What about natural gas?

Surprisingly many on the panel did believe the price of natural gas is actually too low at present so it was amazing to me that even more panelists were not talking about competing more with natural gas in the years to come rather than simply focusing on keeping renewables at bay. All forms of energy have a place in the future energy race and ultimately it may come down to geography, economics and storage solutions. To me the subsidy argument against renewables needs to be tossed out the window once and for all primarily because nuclear power can co-exist with renewables. The thinking of “us” versus “them” is actually hurting the nuclear industry in my view.

In a world that should be thinking longer-term when it comes to energy, we must learn that nuclear is a far better alternative to natural gas when it comes to CO2. I mean it is silly to put all the eggs in the natural gas basket when nuclear produces no carbon. That's why I am convinced the US will have egg on its face and be forced to push back its 2020 goals.

While the talk of supporting new technologies in the nuclear space was rampant, my colleagues were concerned the lack of public energy policy in the US may be hindering global development. While industry participants are closely watching the developments of small modular reactors (SMRs) here in the States, I came away with the feeling that many in the nuclear sector are waiting for someone to actually go first and introduce new game-changing technology before allocating time and money to modernize themselves.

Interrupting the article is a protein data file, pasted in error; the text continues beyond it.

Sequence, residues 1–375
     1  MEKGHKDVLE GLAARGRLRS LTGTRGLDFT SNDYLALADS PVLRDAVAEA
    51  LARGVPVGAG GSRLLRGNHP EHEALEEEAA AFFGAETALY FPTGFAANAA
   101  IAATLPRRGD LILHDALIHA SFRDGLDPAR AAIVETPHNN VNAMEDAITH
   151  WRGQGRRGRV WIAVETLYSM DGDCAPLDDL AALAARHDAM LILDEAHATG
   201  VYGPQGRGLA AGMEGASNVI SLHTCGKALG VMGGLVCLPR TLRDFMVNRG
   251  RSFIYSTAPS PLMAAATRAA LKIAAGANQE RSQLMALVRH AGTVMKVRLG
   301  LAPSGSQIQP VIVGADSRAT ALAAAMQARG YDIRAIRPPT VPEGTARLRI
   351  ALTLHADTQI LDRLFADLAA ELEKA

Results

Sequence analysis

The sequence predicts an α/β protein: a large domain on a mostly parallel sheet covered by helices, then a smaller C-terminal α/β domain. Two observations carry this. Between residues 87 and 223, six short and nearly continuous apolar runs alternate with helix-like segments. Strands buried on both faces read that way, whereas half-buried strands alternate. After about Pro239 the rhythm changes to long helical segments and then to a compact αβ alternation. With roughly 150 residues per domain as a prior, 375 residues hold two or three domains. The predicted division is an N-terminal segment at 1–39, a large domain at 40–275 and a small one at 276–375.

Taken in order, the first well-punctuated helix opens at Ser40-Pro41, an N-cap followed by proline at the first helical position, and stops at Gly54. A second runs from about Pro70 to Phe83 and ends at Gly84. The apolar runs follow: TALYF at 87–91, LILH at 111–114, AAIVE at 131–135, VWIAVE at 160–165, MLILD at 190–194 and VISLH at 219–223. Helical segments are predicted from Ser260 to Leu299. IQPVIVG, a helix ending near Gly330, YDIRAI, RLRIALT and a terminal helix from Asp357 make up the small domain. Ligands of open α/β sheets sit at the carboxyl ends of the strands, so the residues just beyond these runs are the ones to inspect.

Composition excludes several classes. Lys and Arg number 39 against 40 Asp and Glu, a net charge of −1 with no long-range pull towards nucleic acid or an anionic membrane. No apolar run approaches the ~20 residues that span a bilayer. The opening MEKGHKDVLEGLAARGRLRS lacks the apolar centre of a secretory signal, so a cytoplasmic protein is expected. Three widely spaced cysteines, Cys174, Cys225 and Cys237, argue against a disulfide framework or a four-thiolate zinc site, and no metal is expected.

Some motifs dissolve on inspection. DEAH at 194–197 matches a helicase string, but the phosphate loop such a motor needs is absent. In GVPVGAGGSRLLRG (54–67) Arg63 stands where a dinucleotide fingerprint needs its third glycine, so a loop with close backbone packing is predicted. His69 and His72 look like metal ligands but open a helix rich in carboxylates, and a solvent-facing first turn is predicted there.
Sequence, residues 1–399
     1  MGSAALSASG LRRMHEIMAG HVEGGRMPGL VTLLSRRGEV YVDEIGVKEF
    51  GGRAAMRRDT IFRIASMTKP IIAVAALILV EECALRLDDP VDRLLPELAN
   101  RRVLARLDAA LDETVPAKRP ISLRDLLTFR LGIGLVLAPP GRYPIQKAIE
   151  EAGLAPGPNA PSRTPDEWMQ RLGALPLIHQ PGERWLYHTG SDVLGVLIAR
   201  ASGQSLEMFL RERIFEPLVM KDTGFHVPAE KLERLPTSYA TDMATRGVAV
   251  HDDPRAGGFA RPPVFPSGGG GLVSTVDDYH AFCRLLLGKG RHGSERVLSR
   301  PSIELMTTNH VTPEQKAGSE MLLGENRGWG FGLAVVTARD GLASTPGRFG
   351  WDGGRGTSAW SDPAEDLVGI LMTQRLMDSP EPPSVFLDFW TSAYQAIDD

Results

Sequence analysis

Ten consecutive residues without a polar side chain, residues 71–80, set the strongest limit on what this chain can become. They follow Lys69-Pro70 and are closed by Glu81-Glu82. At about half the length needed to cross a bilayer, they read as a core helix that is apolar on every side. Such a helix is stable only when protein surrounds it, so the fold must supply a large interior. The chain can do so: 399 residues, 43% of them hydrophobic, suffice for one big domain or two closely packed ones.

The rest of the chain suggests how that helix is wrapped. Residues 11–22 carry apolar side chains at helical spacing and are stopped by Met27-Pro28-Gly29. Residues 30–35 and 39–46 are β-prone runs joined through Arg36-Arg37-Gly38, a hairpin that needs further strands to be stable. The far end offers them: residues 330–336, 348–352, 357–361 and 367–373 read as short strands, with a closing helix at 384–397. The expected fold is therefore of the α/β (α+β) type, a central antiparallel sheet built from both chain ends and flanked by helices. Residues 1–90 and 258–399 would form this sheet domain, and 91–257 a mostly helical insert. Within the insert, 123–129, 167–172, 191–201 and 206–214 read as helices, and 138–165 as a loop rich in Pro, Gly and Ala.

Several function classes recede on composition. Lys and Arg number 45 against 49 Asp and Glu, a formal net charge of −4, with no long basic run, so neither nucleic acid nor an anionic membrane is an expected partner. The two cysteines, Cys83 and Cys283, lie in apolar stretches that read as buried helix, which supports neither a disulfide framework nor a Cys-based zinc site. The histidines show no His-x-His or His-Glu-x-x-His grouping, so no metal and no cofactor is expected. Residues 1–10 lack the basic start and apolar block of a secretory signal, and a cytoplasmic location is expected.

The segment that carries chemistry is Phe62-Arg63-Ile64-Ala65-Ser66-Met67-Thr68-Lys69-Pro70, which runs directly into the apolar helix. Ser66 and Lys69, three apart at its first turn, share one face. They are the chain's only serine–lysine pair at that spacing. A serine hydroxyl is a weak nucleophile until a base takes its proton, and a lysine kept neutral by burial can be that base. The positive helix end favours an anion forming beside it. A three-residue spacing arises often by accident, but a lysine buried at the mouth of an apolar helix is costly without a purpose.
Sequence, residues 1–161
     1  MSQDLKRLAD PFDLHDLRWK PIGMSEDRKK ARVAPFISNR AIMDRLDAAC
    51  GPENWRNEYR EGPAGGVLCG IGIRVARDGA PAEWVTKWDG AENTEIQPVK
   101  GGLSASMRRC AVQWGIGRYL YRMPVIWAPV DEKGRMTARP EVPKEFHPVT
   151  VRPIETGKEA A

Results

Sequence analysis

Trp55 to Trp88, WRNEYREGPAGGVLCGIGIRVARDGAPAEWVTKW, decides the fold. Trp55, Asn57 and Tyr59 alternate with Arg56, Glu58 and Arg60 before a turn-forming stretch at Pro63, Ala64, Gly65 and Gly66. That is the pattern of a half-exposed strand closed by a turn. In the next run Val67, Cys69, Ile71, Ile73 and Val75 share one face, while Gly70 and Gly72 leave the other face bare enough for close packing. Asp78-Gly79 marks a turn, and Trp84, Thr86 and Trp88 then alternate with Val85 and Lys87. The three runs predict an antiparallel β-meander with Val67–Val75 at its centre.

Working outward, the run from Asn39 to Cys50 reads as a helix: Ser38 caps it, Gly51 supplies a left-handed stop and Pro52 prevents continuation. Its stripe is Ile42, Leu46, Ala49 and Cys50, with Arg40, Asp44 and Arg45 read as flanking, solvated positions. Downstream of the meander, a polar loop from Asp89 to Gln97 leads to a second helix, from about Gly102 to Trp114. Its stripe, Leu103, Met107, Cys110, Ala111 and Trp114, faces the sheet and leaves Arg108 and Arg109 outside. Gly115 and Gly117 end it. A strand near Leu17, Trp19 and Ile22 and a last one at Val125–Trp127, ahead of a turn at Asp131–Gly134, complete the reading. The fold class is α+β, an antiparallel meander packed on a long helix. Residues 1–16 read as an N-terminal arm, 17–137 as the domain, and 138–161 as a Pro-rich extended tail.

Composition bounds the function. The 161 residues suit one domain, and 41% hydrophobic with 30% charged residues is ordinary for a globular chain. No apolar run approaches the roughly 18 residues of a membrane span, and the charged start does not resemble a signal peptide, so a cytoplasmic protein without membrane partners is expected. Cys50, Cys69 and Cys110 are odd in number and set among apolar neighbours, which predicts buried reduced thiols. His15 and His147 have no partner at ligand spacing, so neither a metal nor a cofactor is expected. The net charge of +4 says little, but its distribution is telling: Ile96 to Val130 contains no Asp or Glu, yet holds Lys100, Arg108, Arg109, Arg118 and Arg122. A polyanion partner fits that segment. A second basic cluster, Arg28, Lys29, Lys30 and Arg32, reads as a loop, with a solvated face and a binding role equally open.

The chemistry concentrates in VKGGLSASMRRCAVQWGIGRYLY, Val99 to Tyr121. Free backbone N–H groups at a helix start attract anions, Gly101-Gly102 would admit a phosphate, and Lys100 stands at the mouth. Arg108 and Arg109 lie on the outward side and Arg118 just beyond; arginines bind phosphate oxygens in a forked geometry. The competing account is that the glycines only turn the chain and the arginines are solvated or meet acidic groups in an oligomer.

That had me thinking: What if Elon Musk went nuclear? Maybe not literally, of course, but what if thorium (see "Is Thorium Misunderstood"?) and Molten salt reactor technology actually disrupted the nuclear space like Musk's Tesla (TSLA) electric battery technology is completely turning the automotive industry on its head? What if safety and waste, the two biggest fears regarding nuclear power, were finally addressed so consumers can more confidently embrace nuclear power as the ultimate way to reduce man-made carbon? That's a big question, yet climate change was not given as much attention as one may have thought at the London conference.

At the end of the day, the nuclear industry can't simply proceed with business as usual post-Fukushima. I am hopeful the industry will do a better job of embracing change and educating the public to the benefits of modern nuclear power. With companies like TerraPower (supported by Bill Gates) working to use waste as a fuel catalyst, it seems like the safety and waste fears could soon be swallowed into the abyss. That means the changing of the guard is something not only to be seen in London at Buckingham Palace, but more importantly, it could mean the nuclear industry may in fact see a new renaissance and get it’s own Steve Jobs or Elon Musk.

John Licata is the Founder/Chief Energy Strategist of Blue Phoenix Inc., an independent research company focused on advanced energy and cleanweb solutions.